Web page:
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Stock Exchange: Words You Don’t Normally Associate With Somalia, But You Should

By Dana Sanchez  Published: January 26, 2016, 9:24 pm

Beach at Mogadishu. Photo: socialnewsdaily.comBeach at Mogadishu. Photo: socialnewsdaily.comThe Somalia Stock Exchange made history when it started trading on Sept. 1, 2015, becoming the first ever to operate inside Somalia, the SomalilandPress reported. The problem is, that’s not exactly correct.

It’s true that Somalia’s first formal stock exchange has been in business almost five months — a milestone for the Horn of Africa country as it seeks to rebuild its economy after decades of lawlessness and conflict.

But Somalians have a historic commercial reputation as traders. Informally, Somalians have been trading shares for years.

Another stock exchange — one for pirates —was established in 2009 in Harardheere, 250 miles northeast of Mogadishu, WallStreetJournal reported on June 16, 2011.

The Harardheere stock exchange allowed investors to profit from ransoms collected at sea, which sometimes approached $10 million for successful attacks against Western commercial vessels.

Piracy turned Harardheere from a small fishing village to a town jammed with luxury cars, WSJ reported. More than 70 entities were listed on the Harardheere exchange. When a pirate operation was successful, it paid investors a share of the profits. A former pirate told Reuters, “The shares are open to all and everybody can take part, whether personally at sea or on land by providing cash, weapons or useful materials. . . . We’ve made piracy a community activity.”

The local government received a piece of every dollar collected by pirates and used it “— naturally—for schools, hospitals and other public infrastructure,” Wall Street Journal reported.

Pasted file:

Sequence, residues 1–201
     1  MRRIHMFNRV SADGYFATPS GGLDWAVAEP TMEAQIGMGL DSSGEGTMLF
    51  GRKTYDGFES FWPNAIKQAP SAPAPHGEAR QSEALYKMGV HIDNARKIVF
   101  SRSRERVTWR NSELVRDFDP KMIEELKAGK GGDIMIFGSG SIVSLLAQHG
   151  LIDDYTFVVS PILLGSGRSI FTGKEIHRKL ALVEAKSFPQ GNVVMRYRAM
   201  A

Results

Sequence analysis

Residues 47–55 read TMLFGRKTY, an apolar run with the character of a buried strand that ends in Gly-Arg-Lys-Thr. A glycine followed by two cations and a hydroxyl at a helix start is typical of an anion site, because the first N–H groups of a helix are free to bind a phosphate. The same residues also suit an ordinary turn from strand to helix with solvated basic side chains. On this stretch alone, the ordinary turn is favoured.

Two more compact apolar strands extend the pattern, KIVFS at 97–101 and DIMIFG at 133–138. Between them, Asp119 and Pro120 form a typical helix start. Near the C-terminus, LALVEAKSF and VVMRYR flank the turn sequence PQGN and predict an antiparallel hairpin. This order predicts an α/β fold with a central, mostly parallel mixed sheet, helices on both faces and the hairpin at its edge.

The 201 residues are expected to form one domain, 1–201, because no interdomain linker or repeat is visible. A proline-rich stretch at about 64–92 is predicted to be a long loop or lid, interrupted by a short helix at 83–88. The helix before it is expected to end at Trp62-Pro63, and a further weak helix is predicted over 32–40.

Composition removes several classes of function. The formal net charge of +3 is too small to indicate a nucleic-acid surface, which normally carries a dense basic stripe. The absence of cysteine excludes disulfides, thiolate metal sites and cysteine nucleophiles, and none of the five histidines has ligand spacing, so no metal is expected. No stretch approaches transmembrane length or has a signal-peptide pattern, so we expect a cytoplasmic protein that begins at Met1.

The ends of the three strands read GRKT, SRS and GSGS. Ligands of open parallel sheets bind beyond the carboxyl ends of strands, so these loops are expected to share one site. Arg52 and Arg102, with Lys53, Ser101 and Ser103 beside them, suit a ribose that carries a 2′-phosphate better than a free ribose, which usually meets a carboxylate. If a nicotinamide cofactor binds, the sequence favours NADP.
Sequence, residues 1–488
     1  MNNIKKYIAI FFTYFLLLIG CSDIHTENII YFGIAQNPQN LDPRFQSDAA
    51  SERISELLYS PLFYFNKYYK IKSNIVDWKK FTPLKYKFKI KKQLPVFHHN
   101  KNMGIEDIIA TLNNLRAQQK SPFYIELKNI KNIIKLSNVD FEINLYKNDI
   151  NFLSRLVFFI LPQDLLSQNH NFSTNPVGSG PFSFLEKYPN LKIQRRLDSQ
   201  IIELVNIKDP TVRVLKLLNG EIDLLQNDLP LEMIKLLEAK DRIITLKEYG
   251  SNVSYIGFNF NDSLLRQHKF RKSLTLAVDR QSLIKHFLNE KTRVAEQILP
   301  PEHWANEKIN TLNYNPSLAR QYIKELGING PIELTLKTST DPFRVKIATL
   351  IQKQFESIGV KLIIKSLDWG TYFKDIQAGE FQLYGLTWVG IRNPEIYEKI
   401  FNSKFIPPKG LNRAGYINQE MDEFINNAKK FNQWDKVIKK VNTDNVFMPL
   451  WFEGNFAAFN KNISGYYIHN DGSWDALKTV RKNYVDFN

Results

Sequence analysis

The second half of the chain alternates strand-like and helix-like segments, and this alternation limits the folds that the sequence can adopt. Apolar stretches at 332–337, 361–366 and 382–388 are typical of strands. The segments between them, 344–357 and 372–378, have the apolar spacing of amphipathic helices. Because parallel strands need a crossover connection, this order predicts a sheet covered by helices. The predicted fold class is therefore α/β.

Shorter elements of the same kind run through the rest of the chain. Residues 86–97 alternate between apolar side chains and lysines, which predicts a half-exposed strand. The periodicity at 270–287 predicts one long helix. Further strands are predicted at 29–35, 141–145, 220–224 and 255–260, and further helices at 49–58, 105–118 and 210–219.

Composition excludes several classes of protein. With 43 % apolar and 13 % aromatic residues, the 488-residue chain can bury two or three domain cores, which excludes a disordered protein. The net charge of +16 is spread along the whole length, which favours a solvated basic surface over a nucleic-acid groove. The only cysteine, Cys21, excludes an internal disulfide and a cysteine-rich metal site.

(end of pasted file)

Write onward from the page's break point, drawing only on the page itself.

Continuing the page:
Fast forward to 2015. Years in the making, the Somalia Stock Exchange was founded by the Somali Economic Forum, an independent organisation that wants to promote foreign direct investment into the country, according to a report in HowWeMadeItInAfrica.

It has 20 companies listed or in the process of doing so, according to Hassan Dudde, CEO of the Somali Economic Forum. This is a way for homegrown companies to raise capital for expansion and growth, Dudde told HowWeMadeItInAfrica. Companies that have listed or are in the process include telecoms, finance, logistics and commodities, he said.

The stock exchange is in its nascent stage, and probably still has five years to go before it will really take off, Dudde said. But its existence is important for ordinary Somalians.

Banks in Somalia operate under Islamic Sharia law, which prohibits collecting interest. Certain investments are also forbidden such as companies involved with gambling, alcohol, tobacco, and pornography.

Somalia suffered years of conflict and millions of citizens fled, but some businesses and sectors continued to thrive despite the chaos. These include companies involved in telecommunications, finance and cash transfers.